An estimated £300 million overspend to replace HMP Barlinnie prison will be investigated, First Minister Humza Yousaf has pledged.

The state-of-the-art construction of HMP Glasgow, the replacement for the notorious prison, was initially projected to cost taxpayers £100 million.

However, the Scottish Government’s infrastructure plan up to 2025/26 has said the new £400 million cost will be “updated following full business case and procurement”.

Work on the prison is expected to begin in September, with an operational opening date marked for September 2026.

At First Minister’s Questions on Thursday, Scottish Labour leader Anas Sarwar urged the First Minister to commit to an audit into the capital programme as a new prison in the Highlands is also expected to cost around £140 million, a steep increase from its projected £52 million in 2011.

He said the Scottish Government’s “failure in managing the public’s finances” was a result of “failed interventions, waste and incompetence”.

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Mr Yousaf committed to investigating the expected overspend, with a view to bring the costs down.

However, he said increased construction costs were not unexpected due to the volatile market.

He said: “We are looking at the cost overruns, we are seeing what can be done to mitigate those cost overruns.

“I think we all agree in relation to the fact that our Barlinnie is not in the conditions that any of us would like it to be.”

He added: “Of course construction costs have increased for a whole number of reasons, partly to do with the UK Government’s complete mismanagement of the economy, but also to do with some global factors as well.

“We know the war against Ukraine, the illegal invasion by Russia, has also affected construction costs.

Read more: Barlinnie: Time is running out for Scotland's most notorious jail

“But to give him a direct answer to this question, those costs overruns are being interrogated and we’ll do everything we can to bring them down.”

Mr Sarwar dismissed the First Minister’s reasons for the increased costs. He said: “This is a 300% increase in costs. Inflation is running at 10%.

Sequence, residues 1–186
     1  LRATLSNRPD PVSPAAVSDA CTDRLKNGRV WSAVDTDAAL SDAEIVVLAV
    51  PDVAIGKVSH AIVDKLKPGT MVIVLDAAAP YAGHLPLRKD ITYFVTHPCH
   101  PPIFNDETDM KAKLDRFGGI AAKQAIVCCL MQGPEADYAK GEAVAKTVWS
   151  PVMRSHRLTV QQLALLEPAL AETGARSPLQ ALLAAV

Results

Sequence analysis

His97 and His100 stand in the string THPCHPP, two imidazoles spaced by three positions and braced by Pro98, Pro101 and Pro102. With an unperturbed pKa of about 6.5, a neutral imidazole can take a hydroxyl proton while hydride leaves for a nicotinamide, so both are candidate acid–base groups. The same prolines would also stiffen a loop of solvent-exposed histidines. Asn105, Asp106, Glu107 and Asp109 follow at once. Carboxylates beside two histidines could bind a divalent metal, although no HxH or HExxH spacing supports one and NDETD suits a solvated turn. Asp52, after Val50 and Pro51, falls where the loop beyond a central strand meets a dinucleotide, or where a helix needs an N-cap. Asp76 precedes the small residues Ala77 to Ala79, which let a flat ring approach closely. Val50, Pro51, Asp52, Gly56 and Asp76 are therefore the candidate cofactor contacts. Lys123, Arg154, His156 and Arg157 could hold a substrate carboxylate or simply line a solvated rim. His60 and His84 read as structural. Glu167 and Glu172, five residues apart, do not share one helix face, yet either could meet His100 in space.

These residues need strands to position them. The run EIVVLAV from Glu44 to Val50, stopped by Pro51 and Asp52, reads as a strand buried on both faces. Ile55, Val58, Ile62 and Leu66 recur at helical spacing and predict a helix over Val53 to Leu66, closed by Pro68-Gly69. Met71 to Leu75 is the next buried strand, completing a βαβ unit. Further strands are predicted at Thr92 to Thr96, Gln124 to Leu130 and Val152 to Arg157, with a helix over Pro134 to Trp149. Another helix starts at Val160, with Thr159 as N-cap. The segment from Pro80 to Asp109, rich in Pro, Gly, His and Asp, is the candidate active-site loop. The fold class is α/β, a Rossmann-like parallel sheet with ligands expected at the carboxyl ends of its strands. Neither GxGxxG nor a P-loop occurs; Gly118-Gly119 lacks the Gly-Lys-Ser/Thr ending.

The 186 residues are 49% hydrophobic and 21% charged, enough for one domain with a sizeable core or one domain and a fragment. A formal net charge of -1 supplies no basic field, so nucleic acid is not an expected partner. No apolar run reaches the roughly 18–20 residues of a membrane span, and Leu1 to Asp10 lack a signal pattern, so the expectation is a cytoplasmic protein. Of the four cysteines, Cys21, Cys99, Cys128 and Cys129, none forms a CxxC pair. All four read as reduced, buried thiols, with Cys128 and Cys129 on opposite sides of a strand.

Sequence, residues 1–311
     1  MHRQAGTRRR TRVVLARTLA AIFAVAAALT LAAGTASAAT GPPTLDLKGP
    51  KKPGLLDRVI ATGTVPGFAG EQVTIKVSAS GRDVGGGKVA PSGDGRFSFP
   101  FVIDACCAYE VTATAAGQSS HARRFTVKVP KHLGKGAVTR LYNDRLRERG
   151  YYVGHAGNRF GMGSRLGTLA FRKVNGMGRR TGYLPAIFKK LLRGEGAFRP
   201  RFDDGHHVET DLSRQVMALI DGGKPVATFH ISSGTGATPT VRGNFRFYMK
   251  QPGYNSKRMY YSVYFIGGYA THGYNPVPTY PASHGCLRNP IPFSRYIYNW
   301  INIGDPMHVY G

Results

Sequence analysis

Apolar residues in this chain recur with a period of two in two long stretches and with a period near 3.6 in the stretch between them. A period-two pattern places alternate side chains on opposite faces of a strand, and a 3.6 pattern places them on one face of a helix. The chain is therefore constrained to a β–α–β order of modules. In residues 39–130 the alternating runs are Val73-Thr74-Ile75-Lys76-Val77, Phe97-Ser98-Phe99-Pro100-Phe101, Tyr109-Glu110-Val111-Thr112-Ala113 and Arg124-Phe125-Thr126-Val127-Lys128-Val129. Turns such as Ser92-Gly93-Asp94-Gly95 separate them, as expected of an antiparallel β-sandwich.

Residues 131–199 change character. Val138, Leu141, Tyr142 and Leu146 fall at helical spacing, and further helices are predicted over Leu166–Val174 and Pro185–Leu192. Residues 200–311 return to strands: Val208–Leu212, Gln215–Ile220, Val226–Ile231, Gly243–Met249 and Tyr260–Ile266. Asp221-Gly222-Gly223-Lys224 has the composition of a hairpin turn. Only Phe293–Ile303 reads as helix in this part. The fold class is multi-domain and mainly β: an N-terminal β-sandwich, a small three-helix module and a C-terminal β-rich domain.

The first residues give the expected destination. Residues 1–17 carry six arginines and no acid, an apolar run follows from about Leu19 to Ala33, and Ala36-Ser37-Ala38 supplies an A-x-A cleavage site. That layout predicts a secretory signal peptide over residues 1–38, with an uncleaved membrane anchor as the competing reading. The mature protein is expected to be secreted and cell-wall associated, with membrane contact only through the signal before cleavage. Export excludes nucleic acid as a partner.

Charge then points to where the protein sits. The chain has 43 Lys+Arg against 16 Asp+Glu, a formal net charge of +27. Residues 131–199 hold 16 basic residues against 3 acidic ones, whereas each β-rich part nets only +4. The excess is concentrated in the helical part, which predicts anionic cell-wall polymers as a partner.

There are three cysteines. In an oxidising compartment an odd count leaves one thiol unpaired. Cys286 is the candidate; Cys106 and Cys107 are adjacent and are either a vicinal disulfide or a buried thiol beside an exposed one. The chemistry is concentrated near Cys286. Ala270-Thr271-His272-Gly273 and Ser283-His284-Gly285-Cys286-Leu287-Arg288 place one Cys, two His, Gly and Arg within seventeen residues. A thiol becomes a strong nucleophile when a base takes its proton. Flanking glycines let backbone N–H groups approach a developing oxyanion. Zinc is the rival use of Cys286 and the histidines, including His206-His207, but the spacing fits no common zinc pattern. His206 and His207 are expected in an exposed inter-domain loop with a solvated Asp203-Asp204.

“Even an SNP treasurer can tell you those figures don’t add up.

“Because Scotland’s prison estate is in a dire condition.”

“In fact, I all five major capital programmes in the criminal justice system, all are running over budget,” he added.

“If the First Minister truly believes in transparency, will he commit opening up the books and would he welcome an Audit Scotland review into these projects so we can understand why costs are running out of control?”

Mr Yousaf told Mr Sarwar: “You can bet your bottom dollar that they will be interrogated because of course, we are absolutely in really challenging financial circumstances.”

Plans for the new HMP Glasgow, which include football pitches and en suite cells introduced, were officially unveiled in December 2022z. The 'modern and fit-for-purpose prison' to be situated on the site of the former Provan Gas Works on Royston Road.

Read more: They’re about to close Barlinnie down and throw away the key ... and a very different type of prison is set to replace it

Following a 'household model', compared to the current 'super-wing' approach, houseblock communities will be reduced from 30 cells to 20, with the existing three large houseblocks replaced by five smaller ones.

The plans aim to deliver a net zero carbon facility, both in the use of modern methods of construction and smart technologies within the site.

As the blueprint was unveiled, Michael Stoney, governor of HMP Barlinnie, said: "We have set out a bold vision which will provide the maximum possible benefit to those who live and work there, and our surrounding communities.

"Through a better quality of living environment, and strong relationships with staff, we are determined to help those in our care comprehend and understand how they can move forward and set themselves on the road to a better future.

"HMP Glasgow will be a strong and supportive partner, both locally and to the wider Scottish justice system, delivering a social value that benefits the wellbeing of our wider communities."

Opened in 1882, Barlinnie has housed some of Scotland's most notorious prisoners, including the serial killer, Peter Manuel and Lockerbie bomber, Abdelbaset al-Megrahi. Three three days before Christmas in 1960, the prison also witnessed the killing of Anthony Joseph Miller - the last teenager to be executed in the United Kingdom.

The bodies of Manuel and the 19-year-old Miller, the latter of whom was given a death sentence for murder, were buried, with numerous other prisoners who died during their time in Barlinnie, in unmarked graves within the prison grounds.